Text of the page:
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The Western tradition

Author: Eugen Joseph Weber; WGBH (Television station : Boston, Mass.); Metropolitan Museum of Art (New York, N.Y.); Annenberg/CPB Project.
Publisher: Santa Barbara, CA : Annenberg/CPB Project, ©1989.
Edition/Format:   VHS video : VHS tape   Visual material : EnglishView all editions and formats
Database:WorldCat
Summary:
A television college course which explores the cultural and philosophical movements that have influenced the Western world from ancient times to the present.
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Genre/Form: Video recordings
Material Type: Videorecording
Document Type: Visual material
All Authors / Contributors: Eugen Joseph Weber; WGBH (Television station : Boston, Mass.); Metropolitan Museum of Art (New York, N.Y.); Annenberg/CPB Project.
OCLC Number: 19979241
Notes: 52 half-hour programs scheduled for weekly broadcasts on PBS stations beginning September 1989.
Credits: Executive producer, Fred Barzyk.
Performer(s): Lecturer, Eugen Weber.
Description: 26 videocassettes (1560 min.) : sd., col. ; 1/2 in.
Details: VHS.
Contents: 1-2. The dawn of history. The ancient Egyptians --
3-4. Mesopotamia. From bronze to iron --
5-6. The rise of Greek civilization. Greek thought --
7-8. Alexander the Great. The Hellenistic age --
9-10. The rise of Rome. The Roman empire --
11-12. Early christianity. The rise of the church --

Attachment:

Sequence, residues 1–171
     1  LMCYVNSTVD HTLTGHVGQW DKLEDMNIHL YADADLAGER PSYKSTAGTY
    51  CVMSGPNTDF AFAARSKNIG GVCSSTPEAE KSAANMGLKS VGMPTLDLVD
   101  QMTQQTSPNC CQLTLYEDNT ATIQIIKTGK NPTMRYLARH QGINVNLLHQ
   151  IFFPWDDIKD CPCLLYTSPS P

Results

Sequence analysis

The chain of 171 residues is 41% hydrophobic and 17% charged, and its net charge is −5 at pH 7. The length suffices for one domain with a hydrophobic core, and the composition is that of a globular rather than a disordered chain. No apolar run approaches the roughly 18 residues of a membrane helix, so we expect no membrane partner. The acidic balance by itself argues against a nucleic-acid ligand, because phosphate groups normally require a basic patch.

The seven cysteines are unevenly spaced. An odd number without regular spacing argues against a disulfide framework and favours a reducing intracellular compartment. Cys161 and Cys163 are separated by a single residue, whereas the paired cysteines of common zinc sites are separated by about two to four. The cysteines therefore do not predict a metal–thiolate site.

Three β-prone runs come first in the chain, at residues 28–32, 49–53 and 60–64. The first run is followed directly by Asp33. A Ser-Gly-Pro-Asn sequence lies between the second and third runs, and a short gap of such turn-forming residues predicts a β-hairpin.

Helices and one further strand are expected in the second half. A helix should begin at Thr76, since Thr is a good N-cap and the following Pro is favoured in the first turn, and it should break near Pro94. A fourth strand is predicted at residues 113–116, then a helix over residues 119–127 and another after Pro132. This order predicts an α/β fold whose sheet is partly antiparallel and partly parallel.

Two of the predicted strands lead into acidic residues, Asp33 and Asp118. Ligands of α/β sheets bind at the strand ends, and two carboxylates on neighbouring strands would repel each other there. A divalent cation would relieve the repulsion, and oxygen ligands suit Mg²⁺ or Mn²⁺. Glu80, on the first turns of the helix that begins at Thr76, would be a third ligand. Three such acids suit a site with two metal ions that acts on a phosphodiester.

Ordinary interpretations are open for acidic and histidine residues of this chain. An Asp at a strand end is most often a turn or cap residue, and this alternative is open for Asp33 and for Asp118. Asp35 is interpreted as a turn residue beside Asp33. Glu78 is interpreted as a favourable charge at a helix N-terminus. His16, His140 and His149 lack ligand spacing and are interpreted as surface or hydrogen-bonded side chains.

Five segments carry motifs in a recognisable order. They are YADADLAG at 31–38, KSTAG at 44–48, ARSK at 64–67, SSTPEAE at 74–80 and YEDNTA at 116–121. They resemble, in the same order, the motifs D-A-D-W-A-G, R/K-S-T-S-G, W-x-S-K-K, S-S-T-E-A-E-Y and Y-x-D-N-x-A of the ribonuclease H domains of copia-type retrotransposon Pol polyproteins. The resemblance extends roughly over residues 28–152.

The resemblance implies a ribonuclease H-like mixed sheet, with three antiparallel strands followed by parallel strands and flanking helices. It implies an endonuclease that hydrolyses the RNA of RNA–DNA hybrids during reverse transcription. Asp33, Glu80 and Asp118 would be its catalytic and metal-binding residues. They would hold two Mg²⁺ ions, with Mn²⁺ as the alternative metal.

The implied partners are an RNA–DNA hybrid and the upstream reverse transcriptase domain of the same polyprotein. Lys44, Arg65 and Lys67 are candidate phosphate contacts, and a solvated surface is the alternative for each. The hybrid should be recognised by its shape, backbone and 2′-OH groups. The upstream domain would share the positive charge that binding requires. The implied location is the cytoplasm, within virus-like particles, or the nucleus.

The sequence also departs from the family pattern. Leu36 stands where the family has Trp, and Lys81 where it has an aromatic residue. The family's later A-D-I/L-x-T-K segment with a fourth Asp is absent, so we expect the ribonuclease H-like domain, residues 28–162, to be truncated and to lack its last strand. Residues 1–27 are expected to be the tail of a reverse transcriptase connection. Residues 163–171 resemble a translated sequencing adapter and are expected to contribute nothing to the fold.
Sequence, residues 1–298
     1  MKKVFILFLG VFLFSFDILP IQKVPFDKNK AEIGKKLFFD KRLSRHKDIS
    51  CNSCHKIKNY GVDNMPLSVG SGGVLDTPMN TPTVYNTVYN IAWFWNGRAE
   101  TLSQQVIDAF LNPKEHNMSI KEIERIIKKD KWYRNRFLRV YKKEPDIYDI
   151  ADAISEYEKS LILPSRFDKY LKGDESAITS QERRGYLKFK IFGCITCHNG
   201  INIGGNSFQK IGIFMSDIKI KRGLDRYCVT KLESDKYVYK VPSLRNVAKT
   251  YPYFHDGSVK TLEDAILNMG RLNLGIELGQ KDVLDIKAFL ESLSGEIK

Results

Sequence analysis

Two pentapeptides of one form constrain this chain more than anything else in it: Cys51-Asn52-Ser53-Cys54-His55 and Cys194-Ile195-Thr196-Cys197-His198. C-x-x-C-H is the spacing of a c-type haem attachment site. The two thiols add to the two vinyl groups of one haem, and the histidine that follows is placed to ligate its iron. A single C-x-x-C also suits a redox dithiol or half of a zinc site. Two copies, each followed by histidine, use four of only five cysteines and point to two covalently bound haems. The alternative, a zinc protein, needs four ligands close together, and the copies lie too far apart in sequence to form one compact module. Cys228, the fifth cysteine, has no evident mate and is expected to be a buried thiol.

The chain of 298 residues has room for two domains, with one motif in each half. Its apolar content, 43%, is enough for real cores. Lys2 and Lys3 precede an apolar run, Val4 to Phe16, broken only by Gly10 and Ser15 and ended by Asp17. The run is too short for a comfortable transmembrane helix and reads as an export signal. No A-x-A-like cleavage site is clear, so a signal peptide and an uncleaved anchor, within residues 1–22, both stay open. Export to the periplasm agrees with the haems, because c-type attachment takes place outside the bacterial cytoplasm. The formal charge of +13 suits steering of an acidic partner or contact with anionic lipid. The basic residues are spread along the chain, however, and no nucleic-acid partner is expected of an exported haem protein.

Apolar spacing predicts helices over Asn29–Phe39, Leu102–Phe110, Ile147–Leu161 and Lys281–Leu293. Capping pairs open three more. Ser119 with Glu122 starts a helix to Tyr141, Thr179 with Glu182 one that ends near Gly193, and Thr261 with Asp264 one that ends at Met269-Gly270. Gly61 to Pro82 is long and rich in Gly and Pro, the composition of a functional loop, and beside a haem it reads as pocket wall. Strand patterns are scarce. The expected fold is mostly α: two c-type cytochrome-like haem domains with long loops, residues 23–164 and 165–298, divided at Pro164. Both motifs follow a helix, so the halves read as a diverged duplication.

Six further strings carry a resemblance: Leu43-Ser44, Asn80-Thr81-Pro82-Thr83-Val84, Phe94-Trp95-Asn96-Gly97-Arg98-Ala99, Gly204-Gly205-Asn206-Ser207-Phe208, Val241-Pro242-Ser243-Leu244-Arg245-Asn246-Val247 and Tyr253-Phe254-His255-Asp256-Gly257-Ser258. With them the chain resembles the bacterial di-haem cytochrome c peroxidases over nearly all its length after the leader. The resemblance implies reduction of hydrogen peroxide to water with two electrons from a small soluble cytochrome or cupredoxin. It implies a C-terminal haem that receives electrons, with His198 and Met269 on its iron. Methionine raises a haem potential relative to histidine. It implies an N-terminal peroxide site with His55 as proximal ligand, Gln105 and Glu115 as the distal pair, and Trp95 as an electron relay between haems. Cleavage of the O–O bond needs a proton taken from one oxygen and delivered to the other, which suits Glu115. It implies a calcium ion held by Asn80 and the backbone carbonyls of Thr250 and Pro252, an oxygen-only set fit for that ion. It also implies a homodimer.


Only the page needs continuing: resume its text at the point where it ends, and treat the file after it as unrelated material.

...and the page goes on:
13-14. The decline of Rome. The fall of Rome --
15-16. The Byzantine empire. The fall of Byzantium --
17-18. The dark ages. The age of Charlemagne --
19-20. The middle ages. The feudal order --
21-22. Common life in the middle ages. Cities and cathedrals --
23-24. The late middle ages. National monarchies --
25-26. The age of discovery. The new world --
27-28. The reformation. Rise of the middle class --
29-30. The wars of religion. The rise of trading cities --
31-32. The age of absolutism. Absolutism and the social contract. 33-34. The enlightened despots. The enlightenment --
35-36. The enlightenment and society. The modern philosophers --
37-38. The American revolution. The American republic --
39-40. The death of the old regime. The French revolution --
41-42. The industrial revolution. The industrial world --
43-44. Revolution and the romantics. The age of the nation-states --
45-46. A new public. Fin de siécle --
47-48. The first world war and the rise of fascism. The second world war --
49-50. The cold war. Europe and the third world --
51-52. The technological revolution. Toward the future.
Responsibility: WGBH, Boston ; in association with the Metropolitan Museum of Art ; executive producer, Fred Barzyk.

Abstract:

A television college course which explores the cultural and philosophical movements that have influenced the Western world from ancient times to the present.

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